All kinds of volunteers join forces under hot holiday sun
The Rojas-Lopez family could see people moving and hear people talking on the other side of the tall wooden fence bordering their Forest Grove backyard.
Were they taggers back to add more graffiti?
No, it was the opposite: a platoon of volunteers painting over the graffiti already there.
Saturday morning marked the first public event organized by the citys Public Safety Advisory Commission (PSAC), whose seven members have spent months discussing how to address one of the top concerns of city residents: graffiti.
After investigating, Alex Rojas-Lopez, 9, his sister Yosellyn, 10, and mother, Maria Lopez, soon joined the effort. It was the childrens first time paintingand their first time volunteering.
When Im tired, can I stop? Yosellyn asked.
They werent the only youth helping. PSAC member Nathan Seable brought his three sons along. Fellow member Allyn Clark brought his 5-year-old daughter, MacKenzie.
Daddy, look at me! Im dong a really good job not getting my dress dirty, called MacKenzie, who wore her bright pink party dress andjust a half-hour into itpronounced the painting party fun.
Rounding out the youth contingent was a team of at least seven volunteers from the Forest Grove chapter of DeMolay, a youth group for boys aged 12 to 21 sponsored by the fraternal order of Masons.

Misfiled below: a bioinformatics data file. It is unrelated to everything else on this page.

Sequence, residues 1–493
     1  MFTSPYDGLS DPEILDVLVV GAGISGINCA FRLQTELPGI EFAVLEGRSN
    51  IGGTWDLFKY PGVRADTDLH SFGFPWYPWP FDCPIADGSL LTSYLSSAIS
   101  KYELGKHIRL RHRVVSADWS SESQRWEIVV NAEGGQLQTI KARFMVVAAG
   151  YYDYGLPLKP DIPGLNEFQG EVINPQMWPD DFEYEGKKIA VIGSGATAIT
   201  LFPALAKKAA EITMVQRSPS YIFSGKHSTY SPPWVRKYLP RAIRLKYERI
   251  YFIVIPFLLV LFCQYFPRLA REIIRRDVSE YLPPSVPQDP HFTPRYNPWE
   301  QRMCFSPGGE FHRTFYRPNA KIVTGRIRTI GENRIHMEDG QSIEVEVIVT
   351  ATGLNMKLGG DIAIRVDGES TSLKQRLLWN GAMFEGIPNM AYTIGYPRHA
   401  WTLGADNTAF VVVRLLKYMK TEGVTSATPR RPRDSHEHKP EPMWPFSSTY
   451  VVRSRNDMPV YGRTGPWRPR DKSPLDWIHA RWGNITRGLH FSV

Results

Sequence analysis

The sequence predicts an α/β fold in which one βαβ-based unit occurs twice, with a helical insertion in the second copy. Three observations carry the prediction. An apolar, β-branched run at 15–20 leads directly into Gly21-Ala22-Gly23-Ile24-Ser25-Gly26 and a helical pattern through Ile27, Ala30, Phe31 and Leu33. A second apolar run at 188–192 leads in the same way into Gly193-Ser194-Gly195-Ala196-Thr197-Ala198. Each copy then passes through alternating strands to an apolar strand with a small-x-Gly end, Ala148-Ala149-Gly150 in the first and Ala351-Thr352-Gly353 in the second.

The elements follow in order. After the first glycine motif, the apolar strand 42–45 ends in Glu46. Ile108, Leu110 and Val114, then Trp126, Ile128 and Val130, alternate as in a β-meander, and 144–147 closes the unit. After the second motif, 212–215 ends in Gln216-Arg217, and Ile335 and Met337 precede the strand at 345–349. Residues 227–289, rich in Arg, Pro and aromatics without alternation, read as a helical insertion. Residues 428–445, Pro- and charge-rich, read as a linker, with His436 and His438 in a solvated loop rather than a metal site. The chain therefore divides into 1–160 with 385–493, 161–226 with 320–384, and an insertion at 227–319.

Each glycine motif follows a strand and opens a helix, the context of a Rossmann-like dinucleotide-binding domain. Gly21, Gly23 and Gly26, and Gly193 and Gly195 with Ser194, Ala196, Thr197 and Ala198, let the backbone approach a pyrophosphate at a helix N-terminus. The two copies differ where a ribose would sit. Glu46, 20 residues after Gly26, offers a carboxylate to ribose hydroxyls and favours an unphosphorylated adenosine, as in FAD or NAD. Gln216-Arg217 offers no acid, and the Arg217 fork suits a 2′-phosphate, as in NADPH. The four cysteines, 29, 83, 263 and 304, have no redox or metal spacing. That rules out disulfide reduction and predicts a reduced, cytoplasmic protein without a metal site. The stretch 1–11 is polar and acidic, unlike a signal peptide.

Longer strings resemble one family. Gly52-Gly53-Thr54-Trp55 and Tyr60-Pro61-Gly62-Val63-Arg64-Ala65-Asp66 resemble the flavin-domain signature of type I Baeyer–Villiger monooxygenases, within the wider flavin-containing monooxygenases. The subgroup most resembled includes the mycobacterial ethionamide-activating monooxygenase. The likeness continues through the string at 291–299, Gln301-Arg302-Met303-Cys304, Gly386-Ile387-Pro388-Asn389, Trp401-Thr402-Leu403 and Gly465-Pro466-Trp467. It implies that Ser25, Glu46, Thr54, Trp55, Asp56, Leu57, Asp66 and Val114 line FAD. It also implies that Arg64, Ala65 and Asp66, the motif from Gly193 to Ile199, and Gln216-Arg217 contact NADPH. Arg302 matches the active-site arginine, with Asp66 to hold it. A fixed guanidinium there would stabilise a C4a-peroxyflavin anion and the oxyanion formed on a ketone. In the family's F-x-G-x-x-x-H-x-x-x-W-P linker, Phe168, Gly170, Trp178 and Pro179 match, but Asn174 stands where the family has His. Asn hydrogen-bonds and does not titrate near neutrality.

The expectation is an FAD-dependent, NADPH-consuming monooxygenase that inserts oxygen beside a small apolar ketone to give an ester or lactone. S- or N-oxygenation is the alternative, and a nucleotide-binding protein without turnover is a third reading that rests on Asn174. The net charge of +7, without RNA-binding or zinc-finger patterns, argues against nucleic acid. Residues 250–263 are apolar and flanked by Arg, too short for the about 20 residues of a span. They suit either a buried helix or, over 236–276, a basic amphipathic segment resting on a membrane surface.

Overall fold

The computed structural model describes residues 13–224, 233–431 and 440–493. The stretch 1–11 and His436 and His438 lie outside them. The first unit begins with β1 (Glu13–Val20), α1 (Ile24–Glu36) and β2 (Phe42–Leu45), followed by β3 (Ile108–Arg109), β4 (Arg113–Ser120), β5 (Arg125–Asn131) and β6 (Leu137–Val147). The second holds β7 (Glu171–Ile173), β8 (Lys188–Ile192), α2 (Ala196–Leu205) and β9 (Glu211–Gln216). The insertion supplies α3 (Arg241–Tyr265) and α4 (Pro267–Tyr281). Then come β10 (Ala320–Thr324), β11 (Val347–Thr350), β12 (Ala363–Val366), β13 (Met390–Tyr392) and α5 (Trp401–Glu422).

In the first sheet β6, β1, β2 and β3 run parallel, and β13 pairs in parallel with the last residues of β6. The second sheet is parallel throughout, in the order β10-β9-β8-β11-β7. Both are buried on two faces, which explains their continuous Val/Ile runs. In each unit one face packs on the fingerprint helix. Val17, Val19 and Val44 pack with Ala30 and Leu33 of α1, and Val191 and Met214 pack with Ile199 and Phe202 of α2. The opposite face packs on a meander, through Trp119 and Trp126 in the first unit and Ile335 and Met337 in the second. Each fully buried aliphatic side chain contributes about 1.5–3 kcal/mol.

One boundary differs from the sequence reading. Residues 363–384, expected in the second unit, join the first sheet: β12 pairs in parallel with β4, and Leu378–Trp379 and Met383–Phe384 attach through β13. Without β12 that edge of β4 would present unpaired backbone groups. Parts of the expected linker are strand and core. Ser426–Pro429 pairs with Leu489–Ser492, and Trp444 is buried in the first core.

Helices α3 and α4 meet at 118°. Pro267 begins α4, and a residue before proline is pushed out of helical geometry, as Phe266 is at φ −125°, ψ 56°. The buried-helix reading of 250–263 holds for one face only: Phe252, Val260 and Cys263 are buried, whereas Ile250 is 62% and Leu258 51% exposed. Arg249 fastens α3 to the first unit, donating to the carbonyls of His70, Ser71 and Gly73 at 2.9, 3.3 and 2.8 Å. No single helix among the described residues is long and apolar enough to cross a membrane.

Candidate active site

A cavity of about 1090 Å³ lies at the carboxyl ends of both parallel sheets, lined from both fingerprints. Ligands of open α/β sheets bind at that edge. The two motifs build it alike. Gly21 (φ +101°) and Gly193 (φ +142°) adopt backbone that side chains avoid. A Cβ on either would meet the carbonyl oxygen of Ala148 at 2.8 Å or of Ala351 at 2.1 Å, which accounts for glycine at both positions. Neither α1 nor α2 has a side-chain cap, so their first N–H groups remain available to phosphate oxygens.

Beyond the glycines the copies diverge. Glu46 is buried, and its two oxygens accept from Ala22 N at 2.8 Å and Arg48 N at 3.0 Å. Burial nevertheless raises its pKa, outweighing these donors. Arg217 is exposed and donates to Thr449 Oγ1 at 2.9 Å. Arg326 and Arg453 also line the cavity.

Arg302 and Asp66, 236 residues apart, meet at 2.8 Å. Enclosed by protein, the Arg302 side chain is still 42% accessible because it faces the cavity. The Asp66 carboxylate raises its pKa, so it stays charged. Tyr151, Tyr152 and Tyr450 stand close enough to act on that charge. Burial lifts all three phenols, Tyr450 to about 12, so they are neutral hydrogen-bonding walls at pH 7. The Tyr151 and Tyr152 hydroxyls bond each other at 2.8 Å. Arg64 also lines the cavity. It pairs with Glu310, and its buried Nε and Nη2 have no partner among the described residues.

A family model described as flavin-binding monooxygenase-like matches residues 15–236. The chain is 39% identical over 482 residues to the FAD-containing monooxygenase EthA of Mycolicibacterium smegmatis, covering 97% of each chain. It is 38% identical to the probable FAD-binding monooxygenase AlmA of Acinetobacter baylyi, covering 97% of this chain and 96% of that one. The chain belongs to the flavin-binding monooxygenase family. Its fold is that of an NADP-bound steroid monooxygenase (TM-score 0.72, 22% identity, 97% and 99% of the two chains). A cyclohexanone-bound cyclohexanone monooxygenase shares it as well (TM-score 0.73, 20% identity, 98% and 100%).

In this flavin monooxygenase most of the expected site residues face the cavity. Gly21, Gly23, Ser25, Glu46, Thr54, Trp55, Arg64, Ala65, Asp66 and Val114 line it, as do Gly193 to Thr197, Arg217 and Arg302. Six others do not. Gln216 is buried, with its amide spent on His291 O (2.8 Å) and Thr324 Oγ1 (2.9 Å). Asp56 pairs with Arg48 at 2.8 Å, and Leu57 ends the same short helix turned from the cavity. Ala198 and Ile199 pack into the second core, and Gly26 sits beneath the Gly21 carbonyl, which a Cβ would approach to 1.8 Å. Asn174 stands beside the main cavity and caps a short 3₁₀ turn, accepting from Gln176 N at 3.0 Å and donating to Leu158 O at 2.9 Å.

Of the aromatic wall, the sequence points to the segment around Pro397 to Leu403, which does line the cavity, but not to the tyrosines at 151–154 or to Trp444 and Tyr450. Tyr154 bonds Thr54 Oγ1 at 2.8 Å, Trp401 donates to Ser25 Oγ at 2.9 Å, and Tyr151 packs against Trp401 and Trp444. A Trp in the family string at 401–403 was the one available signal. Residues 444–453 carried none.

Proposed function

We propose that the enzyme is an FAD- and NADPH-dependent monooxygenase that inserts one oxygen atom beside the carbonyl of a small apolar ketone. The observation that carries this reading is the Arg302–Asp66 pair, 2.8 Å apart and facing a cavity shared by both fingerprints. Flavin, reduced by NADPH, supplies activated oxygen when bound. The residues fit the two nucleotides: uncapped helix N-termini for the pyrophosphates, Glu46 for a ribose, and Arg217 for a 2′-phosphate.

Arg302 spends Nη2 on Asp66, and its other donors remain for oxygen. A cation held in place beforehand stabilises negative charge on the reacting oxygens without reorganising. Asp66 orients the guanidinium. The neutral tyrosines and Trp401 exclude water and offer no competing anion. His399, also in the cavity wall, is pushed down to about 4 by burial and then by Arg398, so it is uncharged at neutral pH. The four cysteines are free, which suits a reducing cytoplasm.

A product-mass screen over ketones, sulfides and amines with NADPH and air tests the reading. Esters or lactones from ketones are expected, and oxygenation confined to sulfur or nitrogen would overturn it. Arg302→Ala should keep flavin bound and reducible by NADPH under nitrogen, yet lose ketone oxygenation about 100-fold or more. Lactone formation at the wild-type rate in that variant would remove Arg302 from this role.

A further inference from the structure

I just love the idea of all of these youth helping, said Forest Grove Police Chief Janie Schutz, who was on-site to help supervise the first of what could be many more painting parties.
The event was the result of months of discussion by PSAC members. While city laws require property owners to paint over graffiti, commission members decided certain cases are appropriate for volunteer help.
They chose a standard, dark paint colorBrown-eyed Girlto keep their paintovers uniform (and make future graffiti harder to see) and tried it out at 10 a.m. Saturday, ending around 1 p.m.
In addition to the youth contingent, volunteers at the other end of the age spectrum included MacKenzies grandparents, Rick and Leslie Clark, and retirees Dennis and Mary Johnson, all Forest Grove residents.
We have a thing about graffiti, said Mary Johnson, 66. When we moved up from California 35 years ago it was so nice to not see graffiti or litter.
That has changed, even in Forest Grove, where the Johnsons relocated from Aloha five years ago. When they got a mass email requesting paintover volunteers, they were happy to step up.
In preparation for the volunteers, Forest Grove firefighters pressure-washed the fence and former fire chief (and PSAC chair) Bob Mills spent a few early hours weedwhacking along its length. Ace Hardware discounted the paint price.
All told, nearly 25 volunteers, including Forest Grove Leader Editor Samantha Swindler, volunteered enough time to cover the entire 500-foot section of fence.
Next time, theyll aim for the second part of the fence, which turns the corner and stretches along the north side of the Neil Armstrong parking lot.
Clark expects that to happen in the next few weeks, before the rainy season sets in. To volunteer, call Mike Bernhardt, volunteer coordinator for the Forest Grove Police, at 503-992-3260.
And come forwarned by 5-year-old MacKenzie, who summed up the experience after another hour of toiling in the hot sun: This is hard painting. Its a long fence.